NASA's Cassini spacecraft today ended its 20-year-long epic journey with a fiery plunge into the Saturn's crushing atmosphere, while beaming back never-before-seen images of the ringed planet and its moons.
Operators deliberately made Cassini, the first spacecraft to orbit Saturn, dive into the gas giant to ensure that the ringed planet's moons - in particular Enceladus, with its subsurface ocean and signs of hydrothermal activity -remain pristine for future exploration.
Our spacecraft has entered Saturn's atmosphere, and we have received its final transmission.— CassiniSaturn (@CassiniSaturn) September 15, 2017
"Our spacecraft has entered Saturn's atmosphere, and we have received its final transmission," NASA said in a tweet. "Every time we see Saturn in the night sky, we'll remember. We'll smile. And we'll want to go back," the US space agency said.
The spacecraft's fateful dive was the final beat in the USD 4 billion mission's Grand Finale, 22 weekly dives, which
began in late April, through the gap between Saturn and its rings. No spacecraft has ever ventured so close to the planet before, NASA said.
The Cassini mission gave scientists an unprecedented view of the sixth planet from the Sun. The probe discovered seasonal changes on Saturn, a hexagon-shaped pattern on the north pole and the moon Titan's resemblance to a primordial Earth.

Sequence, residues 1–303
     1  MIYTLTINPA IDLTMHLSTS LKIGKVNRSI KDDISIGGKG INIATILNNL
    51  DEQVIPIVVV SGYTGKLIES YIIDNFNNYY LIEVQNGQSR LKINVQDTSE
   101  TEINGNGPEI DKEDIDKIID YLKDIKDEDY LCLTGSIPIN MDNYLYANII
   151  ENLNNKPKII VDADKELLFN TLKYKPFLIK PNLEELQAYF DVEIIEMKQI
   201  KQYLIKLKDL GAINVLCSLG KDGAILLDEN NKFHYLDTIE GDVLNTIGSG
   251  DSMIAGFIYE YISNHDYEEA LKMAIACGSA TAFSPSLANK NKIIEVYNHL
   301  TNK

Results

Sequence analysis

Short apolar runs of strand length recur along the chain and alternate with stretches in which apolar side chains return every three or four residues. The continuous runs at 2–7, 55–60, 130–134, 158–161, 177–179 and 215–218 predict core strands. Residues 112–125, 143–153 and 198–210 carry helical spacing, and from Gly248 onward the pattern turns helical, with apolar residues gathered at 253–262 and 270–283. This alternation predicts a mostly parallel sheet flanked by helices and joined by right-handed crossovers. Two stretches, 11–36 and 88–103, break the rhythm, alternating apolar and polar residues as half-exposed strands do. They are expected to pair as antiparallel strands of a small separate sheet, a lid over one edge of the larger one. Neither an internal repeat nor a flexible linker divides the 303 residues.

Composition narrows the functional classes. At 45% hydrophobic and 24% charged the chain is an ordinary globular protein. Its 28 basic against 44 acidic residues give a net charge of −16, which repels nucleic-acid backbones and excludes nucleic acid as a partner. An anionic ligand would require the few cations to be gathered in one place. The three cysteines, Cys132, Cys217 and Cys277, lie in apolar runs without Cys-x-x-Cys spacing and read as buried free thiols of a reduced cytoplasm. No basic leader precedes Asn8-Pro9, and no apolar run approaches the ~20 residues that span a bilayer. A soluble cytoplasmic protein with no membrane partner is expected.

Scientists found deep, liquid-filled canyons on Saturn's moon Titan for the first time. They also found a global ocean on the moon Enceladus, with ice plumes spouting from its surface.
A joint endeavour of NASA, the European Space Agency (ESA) and the Italian space agency, Agenzia Spaziale Italiana (ASI), Cassini was a sophisticated robotic spacecraft launched in October 1997 to study the ringed planet and its system in detail.
Cassini showed us the beauty of Saturn.— CassiniSaturn (@CassiniSaturn) September 15, 2017
It revealed the best in us.
Now it's up to us to keep exploring. pic.twitter.com/E4p1jOvFKf